Originally published by the Augustana Mirror on December 8, 2016
Fantastic Beasts and Where to Find Them is not a Harry Potter movie. There’s no mention of the boy who lived, that infamous scar or those flying snitches (golden or otherwise). A passing remark concerning Albus Dumbledore is the only taste we get of Hogwarts and its magic.
That being said, Fantastic Beasts, directed by David Yates with a screenplay by J.K. Rowling, takes us back to the wizarding world like no Potter movie before did, or for that matter, could. This cinematic adventure—brimming with art deco grandeur, touches of Prohibition-era Puritanism, and, what else, fantastic beasts—is set in 1920’s New York City, a refreshingly historic departure from Harry’s recognizably modern world.
Based on Rowling’s 2001 pseudo textbook of the same name, Fantastic Beasts follows the sometimes fantastic, sometimes awkward adventures of magizoologist Newt Scamander (Eddie Redmayne) as he journeys through the Big Apple in search of his escaped magical creatures. Along the way Scamander (literally) runs into wannabe baker Jacob Kowalski (Dan Fogler), a no-maj (Harry would call him a muggle) who decides it’s a good idea to help Scamander with his search after being attacked by one of his creatures … naturally.
But as we know from previous Potter films, unrestrained magic is a no-no in the wizarding world, especially at this time when the anti-wizarding movement, called the Second Salemers, is gaining steam, attempting to rid the world of magic once and for all.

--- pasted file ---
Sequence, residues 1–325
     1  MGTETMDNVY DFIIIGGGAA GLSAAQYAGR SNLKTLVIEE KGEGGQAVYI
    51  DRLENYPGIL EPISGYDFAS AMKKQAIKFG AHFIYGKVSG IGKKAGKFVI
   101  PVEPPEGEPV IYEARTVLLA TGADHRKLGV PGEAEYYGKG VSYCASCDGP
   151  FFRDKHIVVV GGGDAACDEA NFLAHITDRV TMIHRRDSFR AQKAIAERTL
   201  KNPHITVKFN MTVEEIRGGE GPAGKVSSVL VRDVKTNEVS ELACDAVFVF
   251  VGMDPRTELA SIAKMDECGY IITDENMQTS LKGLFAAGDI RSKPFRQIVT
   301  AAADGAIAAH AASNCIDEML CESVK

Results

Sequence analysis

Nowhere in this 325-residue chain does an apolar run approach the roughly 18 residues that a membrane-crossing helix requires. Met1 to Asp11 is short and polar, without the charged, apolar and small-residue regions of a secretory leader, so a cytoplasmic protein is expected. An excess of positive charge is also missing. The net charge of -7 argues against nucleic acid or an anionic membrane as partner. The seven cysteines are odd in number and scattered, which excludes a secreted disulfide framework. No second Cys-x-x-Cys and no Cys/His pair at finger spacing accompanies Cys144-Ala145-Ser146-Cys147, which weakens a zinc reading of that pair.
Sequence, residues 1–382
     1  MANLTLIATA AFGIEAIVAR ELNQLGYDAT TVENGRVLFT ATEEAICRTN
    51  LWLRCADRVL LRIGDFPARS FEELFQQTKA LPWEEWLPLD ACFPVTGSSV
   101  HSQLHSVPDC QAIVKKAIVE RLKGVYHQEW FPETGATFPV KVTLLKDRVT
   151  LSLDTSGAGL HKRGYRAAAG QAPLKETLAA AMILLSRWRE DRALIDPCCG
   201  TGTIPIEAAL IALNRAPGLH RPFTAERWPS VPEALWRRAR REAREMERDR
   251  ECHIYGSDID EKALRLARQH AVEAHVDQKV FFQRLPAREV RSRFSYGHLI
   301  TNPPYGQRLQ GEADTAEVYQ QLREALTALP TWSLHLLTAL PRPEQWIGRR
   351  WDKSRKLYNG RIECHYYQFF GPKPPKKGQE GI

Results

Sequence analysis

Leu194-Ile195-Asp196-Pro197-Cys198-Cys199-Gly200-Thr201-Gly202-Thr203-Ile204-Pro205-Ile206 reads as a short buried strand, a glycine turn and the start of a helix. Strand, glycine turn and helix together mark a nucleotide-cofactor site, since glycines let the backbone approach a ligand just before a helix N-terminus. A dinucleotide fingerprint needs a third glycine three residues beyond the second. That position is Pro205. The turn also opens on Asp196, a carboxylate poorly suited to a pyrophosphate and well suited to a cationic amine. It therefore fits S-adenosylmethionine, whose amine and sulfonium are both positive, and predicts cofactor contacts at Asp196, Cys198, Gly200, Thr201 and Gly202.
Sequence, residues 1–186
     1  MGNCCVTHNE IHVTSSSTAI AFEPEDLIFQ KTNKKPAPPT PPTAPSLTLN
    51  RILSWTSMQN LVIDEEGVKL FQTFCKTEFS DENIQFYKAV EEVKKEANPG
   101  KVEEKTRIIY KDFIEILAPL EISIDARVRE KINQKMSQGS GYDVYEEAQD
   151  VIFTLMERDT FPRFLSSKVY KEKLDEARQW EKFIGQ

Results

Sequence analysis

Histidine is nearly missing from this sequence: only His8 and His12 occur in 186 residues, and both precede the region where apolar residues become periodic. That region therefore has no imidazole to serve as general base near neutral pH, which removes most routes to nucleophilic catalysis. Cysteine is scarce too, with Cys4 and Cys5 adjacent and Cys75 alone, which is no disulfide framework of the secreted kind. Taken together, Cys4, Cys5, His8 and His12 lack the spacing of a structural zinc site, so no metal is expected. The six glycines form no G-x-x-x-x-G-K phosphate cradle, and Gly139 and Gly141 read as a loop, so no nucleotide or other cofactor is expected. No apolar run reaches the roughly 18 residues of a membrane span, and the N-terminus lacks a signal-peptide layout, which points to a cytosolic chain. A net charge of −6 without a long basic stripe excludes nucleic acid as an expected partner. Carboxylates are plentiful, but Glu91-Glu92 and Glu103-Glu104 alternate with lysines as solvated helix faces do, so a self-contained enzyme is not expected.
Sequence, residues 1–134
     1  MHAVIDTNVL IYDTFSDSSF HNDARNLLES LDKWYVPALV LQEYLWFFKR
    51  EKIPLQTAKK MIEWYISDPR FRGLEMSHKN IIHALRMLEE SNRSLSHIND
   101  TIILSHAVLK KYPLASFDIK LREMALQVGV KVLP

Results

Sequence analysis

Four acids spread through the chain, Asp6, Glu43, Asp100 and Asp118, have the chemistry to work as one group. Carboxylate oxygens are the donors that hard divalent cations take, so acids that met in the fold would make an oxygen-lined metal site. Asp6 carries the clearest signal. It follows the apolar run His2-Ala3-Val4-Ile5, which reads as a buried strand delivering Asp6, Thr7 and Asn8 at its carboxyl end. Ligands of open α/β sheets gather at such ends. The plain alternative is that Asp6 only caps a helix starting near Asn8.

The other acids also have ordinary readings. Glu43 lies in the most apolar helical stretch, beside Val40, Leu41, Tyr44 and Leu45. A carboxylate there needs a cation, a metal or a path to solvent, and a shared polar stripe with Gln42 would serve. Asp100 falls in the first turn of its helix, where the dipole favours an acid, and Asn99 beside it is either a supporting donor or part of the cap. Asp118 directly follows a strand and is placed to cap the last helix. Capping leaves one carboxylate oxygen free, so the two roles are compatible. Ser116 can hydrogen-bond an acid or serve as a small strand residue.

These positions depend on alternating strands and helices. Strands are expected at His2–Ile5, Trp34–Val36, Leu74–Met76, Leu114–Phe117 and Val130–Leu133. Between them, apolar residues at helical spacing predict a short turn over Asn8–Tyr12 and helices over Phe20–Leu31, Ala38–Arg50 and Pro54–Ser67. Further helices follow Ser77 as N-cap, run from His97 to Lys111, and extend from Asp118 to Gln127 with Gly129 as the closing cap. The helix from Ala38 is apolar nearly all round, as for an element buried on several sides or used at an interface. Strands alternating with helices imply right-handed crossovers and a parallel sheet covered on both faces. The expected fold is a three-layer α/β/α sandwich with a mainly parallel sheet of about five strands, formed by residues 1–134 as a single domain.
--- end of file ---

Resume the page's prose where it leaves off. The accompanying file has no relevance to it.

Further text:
So Scamander’s beast hunt turns into a witch hunt between the nervous animal-lover, the Second Salemers and the American version of Britain’s Ministry of Magic, MACUSA. Oh, and dark wizard Gellert Grindelwald, Voldemort’s predecessor, is wreaking havoc abroad and may be making his way to the U.S.—just the usual wizarding world drama, what could possibly go wrong?
Turns out, a lot, including unleashing a mega-rhino on Central Park and letting a mysterious magical force called an Obscurus loose on 5th Avenue. But these types of antics are just a typical day in the life for Rowling’s magical characters.
Without giving away too many secrets, Fantastic Beasts is a mixed bag of stunning visual effects, character acting and classic Potter magic. At times bringing to mind Sorcerer’s Stone’s whimsy and innocence with its fresh take on wizarding life in the 20th century, in other moments the film grows darker than even scenes in Deathly Hollows dared, specifically with its portrayal of the Second Salemers and the group’s possessive leader Mary Lou (Samantha Morton).
The scenes with Mary Lou and her group of adopted adherents—children she picked out of orphanages and named things like Modesty and Credence—contain echoes of classic horror movies featuring children, think The Exorcist or The Sixth Sense. One of Mary Lou’s children may possess magical powers, an idea that’s antithetical to the movement and incurs her wrath on all the charges.
Though the anti-wizard plotline is different than anything we’ve seen before with Potter, it’s politically aware in a way Rowling has always been with the series. In our current political climate of division and apprehension, Rowling’s anti-wizarding movement is able to smartly mirror some of the fears and failures of society today. It’s not overt, but like so many other elements in Fantastic Beasts, it works.
Something that doesn’t work? —Redmayne’s moonlighting as a hero. He’s lovably awkward, yes, but it’s hard to believe the adventurer who tamed a briefcase full of magical creatures can be that bumbling and shy in real life. It’s like he’s trying too hard to be likable, a trait the young wizard who lived under the stairs never had to reach for.
Fantastic Beasts is only the first of what Rowling promised will be a five-part series following Dumbledore and Grindelwald’s tenuous relationship almost 50 years before Harry receives his Hogwarts letter. But the movie does what any good series opener should do: gives a taste for a new story, while leaving viewers wanting more. Fantastic Beasts has its flaws, but this joyful return to the wizarding world is thoroughly enjoyable despite them. It’s magic after all, something we could all use a bit of right now.